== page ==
Constitutional democracy is at once a flourishing idea filled with optimism and promise--and an enterprise fraught with limitations. Uncovering the reasons for this ambivalence, this book looks at the difficulties of constitutional democracy, and reexamines fundamental questions: What is constitutional democracy? When does it succeed or fail? Can constitutional democracies conduct war? Can they preserve their values and institutions while addressing new forms of global interdependence? The authors gathered here interrogate constitutional democracy's meaning in order to illuminate its future. The book examines key themes--the issues of constitutional failure; the problem of emergency power and whether constitutions should be suspended when emergencies arise; the dilemmas faced when constitutions provide and restrict executive power during wartime; and whether constitutions can adapt to such globalization challenges as immigration, religious resurgence, and nuclear arms proliferation.
In addition to the editors, the contributors are Sotirios Barber, Joseph Bessette, Mark Brandon, Daniel Deudney, Christopher Eisgruber, James Fleming, William Harris II, Ran Hirschl, Gary Jacobsohn, Benjamin Kleinerman, Jan-Werner Mller, Kim Scheppele, Rogers Smith, Adrian Vermeule, and Mariah Zeisberg.
Jeffrey K. Tulis teaches political science at the University of Texas, Austin. His books include "The Rhetorical Presidency" (Princeton). Stephen Macedo is the Laurance S. Rockefeller Professor of Politics at Princeton University. His numerous books include "Democracy at Risk".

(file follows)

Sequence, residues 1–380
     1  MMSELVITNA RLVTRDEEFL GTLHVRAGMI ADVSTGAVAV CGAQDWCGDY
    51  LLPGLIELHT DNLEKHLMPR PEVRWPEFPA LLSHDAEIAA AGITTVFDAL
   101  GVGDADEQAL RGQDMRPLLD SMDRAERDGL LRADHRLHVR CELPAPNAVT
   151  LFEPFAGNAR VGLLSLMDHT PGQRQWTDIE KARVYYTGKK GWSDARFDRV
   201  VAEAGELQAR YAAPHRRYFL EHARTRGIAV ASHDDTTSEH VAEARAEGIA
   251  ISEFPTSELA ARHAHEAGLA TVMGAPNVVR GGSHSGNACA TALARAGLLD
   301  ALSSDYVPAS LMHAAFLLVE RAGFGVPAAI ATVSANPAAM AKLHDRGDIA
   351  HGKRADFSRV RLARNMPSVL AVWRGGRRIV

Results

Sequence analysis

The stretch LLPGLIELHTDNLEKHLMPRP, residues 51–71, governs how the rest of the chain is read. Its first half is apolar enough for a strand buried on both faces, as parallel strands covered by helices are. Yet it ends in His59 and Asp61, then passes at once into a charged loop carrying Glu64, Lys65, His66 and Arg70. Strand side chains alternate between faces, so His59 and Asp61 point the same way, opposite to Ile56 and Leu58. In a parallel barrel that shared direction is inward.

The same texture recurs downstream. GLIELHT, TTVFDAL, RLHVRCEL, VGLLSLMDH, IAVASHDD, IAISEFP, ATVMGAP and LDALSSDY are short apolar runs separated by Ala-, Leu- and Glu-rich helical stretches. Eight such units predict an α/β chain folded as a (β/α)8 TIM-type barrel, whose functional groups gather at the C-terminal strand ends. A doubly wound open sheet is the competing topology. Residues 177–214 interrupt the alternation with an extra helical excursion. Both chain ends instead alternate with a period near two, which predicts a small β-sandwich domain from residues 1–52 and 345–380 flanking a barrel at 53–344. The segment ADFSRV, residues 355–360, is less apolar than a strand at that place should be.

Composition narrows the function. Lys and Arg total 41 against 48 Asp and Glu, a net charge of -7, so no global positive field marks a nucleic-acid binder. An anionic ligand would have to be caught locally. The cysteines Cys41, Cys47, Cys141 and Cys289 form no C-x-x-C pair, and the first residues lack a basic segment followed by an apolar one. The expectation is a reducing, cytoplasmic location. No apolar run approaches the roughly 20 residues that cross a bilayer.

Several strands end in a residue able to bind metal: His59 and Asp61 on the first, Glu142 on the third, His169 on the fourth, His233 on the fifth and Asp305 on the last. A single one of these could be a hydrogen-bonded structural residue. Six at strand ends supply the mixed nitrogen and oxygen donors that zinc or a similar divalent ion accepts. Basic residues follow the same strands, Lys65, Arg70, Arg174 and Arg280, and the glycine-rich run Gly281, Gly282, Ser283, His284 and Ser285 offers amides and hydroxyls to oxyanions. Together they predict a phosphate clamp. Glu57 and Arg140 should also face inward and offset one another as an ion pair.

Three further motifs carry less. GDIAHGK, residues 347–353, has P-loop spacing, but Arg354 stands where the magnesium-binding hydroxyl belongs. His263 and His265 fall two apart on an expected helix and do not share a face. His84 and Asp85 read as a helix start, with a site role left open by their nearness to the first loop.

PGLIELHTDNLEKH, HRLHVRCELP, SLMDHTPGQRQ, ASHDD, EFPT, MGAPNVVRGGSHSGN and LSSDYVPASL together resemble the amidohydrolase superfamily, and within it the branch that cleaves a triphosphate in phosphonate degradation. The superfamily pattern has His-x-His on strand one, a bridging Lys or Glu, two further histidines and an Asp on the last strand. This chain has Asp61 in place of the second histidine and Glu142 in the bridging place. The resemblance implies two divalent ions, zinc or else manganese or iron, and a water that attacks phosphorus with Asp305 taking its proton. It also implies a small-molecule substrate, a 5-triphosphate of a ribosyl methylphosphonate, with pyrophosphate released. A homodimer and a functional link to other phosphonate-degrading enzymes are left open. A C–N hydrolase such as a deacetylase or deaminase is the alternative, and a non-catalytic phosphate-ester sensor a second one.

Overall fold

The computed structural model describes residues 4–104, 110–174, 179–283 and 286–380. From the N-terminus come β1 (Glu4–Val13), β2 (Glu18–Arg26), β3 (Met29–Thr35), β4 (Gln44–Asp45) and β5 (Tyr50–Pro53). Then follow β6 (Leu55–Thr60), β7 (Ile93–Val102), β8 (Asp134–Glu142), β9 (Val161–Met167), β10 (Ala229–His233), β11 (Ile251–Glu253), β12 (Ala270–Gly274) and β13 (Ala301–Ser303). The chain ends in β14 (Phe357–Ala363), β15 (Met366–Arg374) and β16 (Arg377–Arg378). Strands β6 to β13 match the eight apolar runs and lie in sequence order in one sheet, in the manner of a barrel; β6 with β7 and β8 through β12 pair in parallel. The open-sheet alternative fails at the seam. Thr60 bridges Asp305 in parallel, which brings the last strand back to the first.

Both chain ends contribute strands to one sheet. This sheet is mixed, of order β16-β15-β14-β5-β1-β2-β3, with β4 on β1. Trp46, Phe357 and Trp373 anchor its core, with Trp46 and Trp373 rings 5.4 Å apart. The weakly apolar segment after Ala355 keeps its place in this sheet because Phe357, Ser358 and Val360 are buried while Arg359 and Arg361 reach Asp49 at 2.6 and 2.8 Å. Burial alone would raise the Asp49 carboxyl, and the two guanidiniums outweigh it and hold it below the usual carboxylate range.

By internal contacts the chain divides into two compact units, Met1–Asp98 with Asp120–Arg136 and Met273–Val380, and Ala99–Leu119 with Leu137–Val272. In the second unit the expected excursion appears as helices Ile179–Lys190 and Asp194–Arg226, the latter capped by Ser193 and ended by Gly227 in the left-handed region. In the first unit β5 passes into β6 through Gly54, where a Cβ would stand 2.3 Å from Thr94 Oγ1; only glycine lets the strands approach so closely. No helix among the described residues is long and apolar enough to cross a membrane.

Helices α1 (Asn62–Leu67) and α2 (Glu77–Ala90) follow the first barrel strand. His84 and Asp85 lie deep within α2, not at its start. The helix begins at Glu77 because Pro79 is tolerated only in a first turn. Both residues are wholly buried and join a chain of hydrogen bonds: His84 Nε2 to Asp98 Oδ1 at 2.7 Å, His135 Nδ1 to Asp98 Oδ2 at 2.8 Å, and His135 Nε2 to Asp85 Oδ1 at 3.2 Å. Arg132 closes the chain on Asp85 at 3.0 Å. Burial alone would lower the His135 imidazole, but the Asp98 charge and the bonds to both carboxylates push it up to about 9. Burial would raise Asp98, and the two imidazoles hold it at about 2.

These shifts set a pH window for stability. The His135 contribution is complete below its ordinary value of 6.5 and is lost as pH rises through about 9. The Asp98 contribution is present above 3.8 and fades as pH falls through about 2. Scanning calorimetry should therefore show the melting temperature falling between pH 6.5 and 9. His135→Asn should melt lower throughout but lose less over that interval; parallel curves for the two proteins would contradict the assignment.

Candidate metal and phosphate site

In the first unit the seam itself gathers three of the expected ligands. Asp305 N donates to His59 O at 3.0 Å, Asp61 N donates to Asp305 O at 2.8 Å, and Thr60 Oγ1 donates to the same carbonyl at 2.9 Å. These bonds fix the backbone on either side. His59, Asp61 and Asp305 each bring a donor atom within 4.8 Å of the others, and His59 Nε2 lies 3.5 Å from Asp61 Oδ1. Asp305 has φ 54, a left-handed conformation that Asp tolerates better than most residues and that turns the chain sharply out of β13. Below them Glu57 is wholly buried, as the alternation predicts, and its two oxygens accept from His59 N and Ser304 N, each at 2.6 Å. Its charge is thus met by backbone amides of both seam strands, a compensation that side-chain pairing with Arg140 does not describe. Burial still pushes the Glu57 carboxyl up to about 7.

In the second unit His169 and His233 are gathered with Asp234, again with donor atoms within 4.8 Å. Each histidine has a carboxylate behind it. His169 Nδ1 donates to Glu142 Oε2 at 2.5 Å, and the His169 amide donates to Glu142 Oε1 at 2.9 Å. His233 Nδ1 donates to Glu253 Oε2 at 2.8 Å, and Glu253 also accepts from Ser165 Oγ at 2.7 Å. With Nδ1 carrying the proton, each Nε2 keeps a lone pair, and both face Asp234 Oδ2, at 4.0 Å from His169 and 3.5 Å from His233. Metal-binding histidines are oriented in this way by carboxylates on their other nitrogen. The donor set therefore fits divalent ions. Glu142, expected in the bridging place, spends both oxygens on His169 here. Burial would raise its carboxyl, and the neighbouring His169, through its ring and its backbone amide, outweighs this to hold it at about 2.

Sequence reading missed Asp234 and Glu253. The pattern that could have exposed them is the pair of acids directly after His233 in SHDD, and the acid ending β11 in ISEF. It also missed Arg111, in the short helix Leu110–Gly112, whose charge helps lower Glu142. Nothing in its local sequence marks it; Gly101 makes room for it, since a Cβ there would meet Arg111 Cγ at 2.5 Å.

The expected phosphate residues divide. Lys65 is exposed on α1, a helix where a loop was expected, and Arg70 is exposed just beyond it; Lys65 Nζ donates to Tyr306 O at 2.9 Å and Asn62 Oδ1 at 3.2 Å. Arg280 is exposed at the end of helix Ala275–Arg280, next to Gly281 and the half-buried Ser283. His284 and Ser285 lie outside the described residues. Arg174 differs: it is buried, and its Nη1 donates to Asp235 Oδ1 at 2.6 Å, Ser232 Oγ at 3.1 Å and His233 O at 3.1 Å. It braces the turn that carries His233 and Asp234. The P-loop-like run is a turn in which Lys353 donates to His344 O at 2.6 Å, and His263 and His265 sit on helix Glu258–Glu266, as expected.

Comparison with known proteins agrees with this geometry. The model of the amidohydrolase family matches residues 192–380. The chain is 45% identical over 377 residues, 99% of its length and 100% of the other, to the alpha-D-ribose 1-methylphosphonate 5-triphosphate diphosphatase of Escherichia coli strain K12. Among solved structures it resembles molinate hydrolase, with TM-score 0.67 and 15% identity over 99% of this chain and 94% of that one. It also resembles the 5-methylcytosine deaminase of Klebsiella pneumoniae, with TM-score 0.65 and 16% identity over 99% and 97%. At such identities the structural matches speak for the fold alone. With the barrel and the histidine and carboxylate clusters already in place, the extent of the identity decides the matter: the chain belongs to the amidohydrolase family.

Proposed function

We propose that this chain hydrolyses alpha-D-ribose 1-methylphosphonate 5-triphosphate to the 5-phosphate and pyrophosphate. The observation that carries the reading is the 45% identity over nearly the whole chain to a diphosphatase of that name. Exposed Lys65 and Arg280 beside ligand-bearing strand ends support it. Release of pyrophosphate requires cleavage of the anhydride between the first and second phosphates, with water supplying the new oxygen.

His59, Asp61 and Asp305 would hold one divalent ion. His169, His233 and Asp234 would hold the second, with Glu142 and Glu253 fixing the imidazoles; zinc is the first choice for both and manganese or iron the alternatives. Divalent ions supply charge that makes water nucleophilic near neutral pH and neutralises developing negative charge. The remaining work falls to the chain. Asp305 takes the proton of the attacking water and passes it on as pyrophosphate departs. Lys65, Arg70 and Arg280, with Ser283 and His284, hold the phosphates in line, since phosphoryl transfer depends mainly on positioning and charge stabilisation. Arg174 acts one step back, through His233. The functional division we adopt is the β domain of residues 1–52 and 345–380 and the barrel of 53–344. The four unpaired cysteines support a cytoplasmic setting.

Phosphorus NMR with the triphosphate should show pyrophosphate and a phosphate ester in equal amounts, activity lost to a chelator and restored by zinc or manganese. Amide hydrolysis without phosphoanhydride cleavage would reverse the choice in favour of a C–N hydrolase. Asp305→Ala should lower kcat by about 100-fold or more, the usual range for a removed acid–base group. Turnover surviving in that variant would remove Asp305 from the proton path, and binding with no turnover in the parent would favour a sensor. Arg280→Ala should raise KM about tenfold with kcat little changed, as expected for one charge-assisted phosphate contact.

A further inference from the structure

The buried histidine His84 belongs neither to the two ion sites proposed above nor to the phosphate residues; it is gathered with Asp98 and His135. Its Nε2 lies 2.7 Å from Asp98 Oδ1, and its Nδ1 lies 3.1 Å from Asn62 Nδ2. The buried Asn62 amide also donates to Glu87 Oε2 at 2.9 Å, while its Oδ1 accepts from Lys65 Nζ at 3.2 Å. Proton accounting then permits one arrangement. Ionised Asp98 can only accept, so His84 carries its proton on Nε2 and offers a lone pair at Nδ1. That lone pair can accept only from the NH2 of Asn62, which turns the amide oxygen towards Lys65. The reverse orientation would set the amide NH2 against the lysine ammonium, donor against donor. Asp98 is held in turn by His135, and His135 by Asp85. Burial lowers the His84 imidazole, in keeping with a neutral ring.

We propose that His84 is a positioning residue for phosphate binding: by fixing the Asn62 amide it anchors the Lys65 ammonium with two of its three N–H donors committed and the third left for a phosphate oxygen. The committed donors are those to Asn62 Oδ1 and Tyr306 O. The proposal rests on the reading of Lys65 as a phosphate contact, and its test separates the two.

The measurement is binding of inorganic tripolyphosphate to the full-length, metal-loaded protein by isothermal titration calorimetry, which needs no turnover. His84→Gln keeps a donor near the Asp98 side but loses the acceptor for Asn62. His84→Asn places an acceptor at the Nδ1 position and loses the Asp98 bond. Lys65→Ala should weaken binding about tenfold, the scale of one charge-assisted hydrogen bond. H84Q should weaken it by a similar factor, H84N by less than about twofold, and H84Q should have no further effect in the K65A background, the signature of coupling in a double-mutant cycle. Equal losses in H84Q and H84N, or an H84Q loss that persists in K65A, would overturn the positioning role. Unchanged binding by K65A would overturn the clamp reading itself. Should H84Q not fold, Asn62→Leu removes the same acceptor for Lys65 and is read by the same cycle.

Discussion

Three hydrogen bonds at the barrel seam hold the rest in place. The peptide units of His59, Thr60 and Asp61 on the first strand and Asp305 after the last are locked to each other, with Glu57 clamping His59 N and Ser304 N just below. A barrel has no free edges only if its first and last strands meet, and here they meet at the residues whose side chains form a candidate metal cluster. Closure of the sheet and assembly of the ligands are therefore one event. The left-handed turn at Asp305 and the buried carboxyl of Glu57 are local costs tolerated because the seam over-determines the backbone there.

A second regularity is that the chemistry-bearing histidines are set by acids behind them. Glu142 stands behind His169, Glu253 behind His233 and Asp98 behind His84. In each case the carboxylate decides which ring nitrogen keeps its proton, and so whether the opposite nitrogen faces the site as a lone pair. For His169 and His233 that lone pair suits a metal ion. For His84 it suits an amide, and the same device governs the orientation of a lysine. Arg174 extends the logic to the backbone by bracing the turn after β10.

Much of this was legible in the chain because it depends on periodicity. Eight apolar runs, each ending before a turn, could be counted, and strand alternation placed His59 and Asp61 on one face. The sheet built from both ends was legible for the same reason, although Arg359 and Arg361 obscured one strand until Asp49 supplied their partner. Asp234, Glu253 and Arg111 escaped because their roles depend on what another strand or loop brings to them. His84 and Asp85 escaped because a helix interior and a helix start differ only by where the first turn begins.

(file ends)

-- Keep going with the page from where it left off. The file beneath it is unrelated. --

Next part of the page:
P> Introduction. Constitutional Boundaries by Jeffrey K. Tulis and Stephen Macedo 1 Part I: What Is Constitutional Failure? 11 Chapter 1: Constitutional Failure: Ultimately Attitudinal by Sotirios A. Barber 13 Chapter 2: Successful Failures of the American Constitution by James E. Fleming 29 Chapter 3: The Disharmonic Constitution by Gary Jeffrey Jacobsohn 47 Chapter 4: Constitution of Failure The Architectonics of a Well-Founded Constitutional Order by William F. Harris II 66 Part II: How Can Constitutional Democracy Contend with Emergency 89 Chapter 5: "In the Name of National Security" Executive Discretion and Congressional Legislation in the Civil War and World War I by Benjamin A. Kleinerman 91 Chapter 6: The Possibility of Constitutional Statesmanship by Jeffrey K. Tulis 112 Chapter 7: Exceptions That Prove the Rule Embedding Emergency Government in Everyday Constitutional Life by Kim Lane Scheppele 124 Part III: How Can Constitutional Democracy Contend with War? 155 Chapter 8: The Glorious Commander in Chief by Adrian Vermeule 157 Chapter 9: The Relational Conception of War Powers by Mariah Zeisberg 168 Chapter 10: Confronting War Rethinking Jackson's Concurrence in Youngstown v. Sawyer by Joseph M. Bessette 194 Chapter 11: War and Constitutional Change by Mark E. Brandon 217 Part IV: How Can Constitutional Democracy Contend with Globalization 237 Chapter 12: Three Constitutionalist Reponses to Globalization by Jan -Werner Muller 239 Chapter 13: Constitutionalism in a Theocratic World by Ran Hirschl 256 Chapter 14: Constitutional Democracies, Coercion, and Obligations to Include by Rogers M. Smith 280 Chapter 15: Omniviolence, Arms Control, and Limited Government by Daniel Deudney 297 Conclusion: Constitutional Engagement and Its Limits by Christopher L. Eisgruber 317 List of Contributors 329 Index 333